By using Bitcoin, receivers can quickly and simply validate that funds were indeed controlled by the sending party and that the transaction correctly allocates the correct amount to their control without requiring additional validation by third parties.

Learn more about Bitcoin Script here.

Protecting sellers from fraud
Protecting sellers from fraud

Transactions that are computationally impractical to reverse would protect sellers from fraud, and routine escrow mechanisms could easily be implemented to protect buyers.
- Satoshi Nakamoto, Bitcoin white paper

Thanks to the practically irreversible nature of the Elliptic Curve Digital Signature Algorithm (ECDSA) sellers who receive payments over the Bitcoin network can simply and quickly verify the authenticity of the funds received without needing to revert to a trusted third party.

Where the payment involves the delivery of goods or services, payments can be locked using simple scripting functions that require proof of delivery before the release of funds, with simple conditional clauses allowing for funds to be returned to the payer in the event of non-delivery. These features can be implemented using features native to the Bitcoin protocol drastically reducing the incentive or possibility to commit fraud.

Learn more about Elliptic Curve Digital Signature Algorithms here.

Proposed solution
Proposed solution

In this paper, we propose a solution to the double-spending problem using a peer-to-peer distributed timestamp server to generate computational proof of the chronological order of transactions.
- Satoshi Nakamoto, Bitcoin white paper

One of the core innovations of the Bitcoin system is how it prevents users from taking digital coins which have been used in a transaction and double-spending them to a different party as a means to commit fraud. Transactions are recorded as plaintext on the ledger and are readable by all parties.

As transactions are created, network nodes assemble them into block templates against which they perform proof-of-work computations. When a valid proof-of-work solution is found, the block becomes a proof of existence timestamp for all of the transactions it includes whilst establishing which, of any pair of conflicting (double-spending) transactions, is accepted as first-seen and valid. Nodes append transactions to a block template in an order that closely matches the chronological order in which they were received.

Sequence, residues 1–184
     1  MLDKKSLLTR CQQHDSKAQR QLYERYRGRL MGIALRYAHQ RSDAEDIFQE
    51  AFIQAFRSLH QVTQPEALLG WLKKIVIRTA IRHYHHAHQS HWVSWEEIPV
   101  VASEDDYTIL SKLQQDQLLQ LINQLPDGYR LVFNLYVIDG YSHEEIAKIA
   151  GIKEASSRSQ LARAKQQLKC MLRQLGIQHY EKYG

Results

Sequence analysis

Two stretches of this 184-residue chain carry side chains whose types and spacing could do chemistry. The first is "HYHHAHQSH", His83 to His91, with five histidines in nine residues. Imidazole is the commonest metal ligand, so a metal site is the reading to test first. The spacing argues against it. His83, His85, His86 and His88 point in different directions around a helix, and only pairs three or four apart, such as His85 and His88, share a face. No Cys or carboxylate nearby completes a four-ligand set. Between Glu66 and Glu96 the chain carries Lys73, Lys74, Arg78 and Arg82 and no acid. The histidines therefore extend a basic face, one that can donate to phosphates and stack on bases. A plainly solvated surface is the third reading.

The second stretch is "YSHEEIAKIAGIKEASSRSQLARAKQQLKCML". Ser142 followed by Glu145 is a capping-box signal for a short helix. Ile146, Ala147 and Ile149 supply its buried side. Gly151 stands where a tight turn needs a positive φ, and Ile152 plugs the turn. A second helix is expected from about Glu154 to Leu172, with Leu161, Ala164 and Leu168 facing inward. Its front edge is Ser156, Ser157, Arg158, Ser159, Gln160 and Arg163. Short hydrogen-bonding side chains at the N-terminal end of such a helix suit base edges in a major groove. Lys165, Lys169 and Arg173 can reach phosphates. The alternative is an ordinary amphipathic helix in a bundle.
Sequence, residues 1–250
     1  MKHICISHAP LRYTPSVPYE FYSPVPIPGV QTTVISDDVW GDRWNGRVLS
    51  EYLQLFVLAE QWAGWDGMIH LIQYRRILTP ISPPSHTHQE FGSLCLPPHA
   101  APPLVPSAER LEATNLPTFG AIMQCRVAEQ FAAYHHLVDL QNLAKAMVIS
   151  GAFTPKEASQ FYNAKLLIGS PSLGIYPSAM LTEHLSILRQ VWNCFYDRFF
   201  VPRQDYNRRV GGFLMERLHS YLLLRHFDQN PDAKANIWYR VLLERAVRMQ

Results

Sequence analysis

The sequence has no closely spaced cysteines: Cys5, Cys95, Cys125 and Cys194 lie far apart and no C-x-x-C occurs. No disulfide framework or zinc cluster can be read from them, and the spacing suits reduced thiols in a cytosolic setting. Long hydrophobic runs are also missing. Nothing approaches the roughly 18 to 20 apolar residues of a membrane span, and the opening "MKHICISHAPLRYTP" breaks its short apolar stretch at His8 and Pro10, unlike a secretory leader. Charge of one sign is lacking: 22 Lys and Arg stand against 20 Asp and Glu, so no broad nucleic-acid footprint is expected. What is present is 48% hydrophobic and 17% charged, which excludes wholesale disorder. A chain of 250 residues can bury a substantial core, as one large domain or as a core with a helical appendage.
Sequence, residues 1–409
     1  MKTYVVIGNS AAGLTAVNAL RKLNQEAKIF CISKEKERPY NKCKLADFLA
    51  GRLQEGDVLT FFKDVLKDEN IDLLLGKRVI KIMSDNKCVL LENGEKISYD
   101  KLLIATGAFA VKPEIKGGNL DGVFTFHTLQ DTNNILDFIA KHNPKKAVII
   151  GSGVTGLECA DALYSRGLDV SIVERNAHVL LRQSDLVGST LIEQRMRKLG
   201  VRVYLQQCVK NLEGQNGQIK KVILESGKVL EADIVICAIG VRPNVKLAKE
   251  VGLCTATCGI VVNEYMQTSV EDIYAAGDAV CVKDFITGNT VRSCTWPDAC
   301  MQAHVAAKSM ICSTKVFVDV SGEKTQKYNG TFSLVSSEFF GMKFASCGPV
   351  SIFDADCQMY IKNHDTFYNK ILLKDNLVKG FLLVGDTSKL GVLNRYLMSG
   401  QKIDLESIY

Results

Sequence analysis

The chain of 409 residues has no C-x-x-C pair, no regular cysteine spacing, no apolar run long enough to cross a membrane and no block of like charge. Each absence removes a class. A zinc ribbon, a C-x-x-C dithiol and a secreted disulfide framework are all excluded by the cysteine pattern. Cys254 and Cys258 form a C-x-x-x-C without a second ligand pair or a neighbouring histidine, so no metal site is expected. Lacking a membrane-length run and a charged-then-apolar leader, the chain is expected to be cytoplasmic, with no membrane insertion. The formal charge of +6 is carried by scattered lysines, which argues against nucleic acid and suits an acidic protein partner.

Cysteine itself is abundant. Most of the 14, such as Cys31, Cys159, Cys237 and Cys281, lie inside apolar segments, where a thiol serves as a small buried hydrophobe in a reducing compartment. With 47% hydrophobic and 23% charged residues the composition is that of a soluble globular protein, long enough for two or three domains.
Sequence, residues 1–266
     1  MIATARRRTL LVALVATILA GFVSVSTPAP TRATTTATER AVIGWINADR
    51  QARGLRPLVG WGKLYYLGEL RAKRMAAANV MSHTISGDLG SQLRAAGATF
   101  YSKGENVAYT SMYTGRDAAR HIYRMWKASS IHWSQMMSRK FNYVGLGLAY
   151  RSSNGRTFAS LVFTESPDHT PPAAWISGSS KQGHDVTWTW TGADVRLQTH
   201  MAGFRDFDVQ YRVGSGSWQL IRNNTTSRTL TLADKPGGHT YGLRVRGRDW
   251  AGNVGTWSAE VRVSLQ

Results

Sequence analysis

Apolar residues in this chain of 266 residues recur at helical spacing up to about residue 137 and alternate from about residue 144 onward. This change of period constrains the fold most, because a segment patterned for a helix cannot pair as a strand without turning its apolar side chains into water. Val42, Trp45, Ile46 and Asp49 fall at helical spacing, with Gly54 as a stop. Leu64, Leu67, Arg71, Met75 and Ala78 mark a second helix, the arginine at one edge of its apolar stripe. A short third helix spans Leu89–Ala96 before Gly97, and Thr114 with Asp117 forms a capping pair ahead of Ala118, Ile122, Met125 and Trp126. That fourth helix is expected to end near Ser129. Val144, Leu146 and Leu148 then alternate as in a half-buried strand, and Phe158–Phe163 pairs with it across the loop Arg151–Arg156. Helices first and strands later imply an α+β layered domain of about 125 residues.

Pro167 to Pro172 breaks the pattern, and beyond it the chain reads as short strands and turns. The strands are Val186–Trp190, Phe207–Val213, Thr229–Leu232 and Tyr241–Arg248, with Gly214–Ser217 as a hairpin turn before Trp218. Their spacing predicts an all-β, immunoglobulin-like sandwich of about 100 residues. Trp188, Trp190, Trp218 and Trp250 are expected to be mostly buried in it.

This means each valid block represents a consensus-driven agreement on the order in which events were recorded by the network. Blocks are added in chronological order and as more work is added to the chain of blocks, this serves as proof that transactions in a given block were validated and accepted by the network participants collectively before the time indicated in the block header.

Learn more about proof-of-work here.

Security and Honesty
Security and Honesty

The system is secure as long as honest nodes collectively control more CPU power than any cooperating group of attacker nodes.
- Satoshi Nakamoto, Bitcoin white paper

As long as there is a pool of nodes who are competing to collect and add new transactions to the longest chain of proof-of-work, the system’s security is maintained. This system works against fraudulent actors both in the payments system and at the node level by allowing honest systems to reject blocks which include transactions that double-spend inputs they have already seen used in validated transactions or which violate the established rules of the network.

This enforcement is achieved through the accumulation of work by honest nodes within the system and creates a situation where attackers must overpower the network for an indefinite amount of time to maintain a chain of work that includes a fraudulent activity. In this way, the hashpower that performs the work on blocks acts as an enforcement system, allowing the honest actors within the network to collectively expend enough energy to outpace the attacking systems over time.

Time in this scenario is open-ended and attacking chains can emerge which retain an appearance of legitimacy and viability for extended periods. Thankfully, due to the high cost of performing proof-of-work, the dishonest nodes are forced to spend large sums of money to maintain the fraud. This expenditure is financially nonviable to maintain, eventually leading to the re-emergence of the honest chain as the legitimate record of activity on the ledger.

Brendan Lee

Training and Development Manager - Bitcoin Association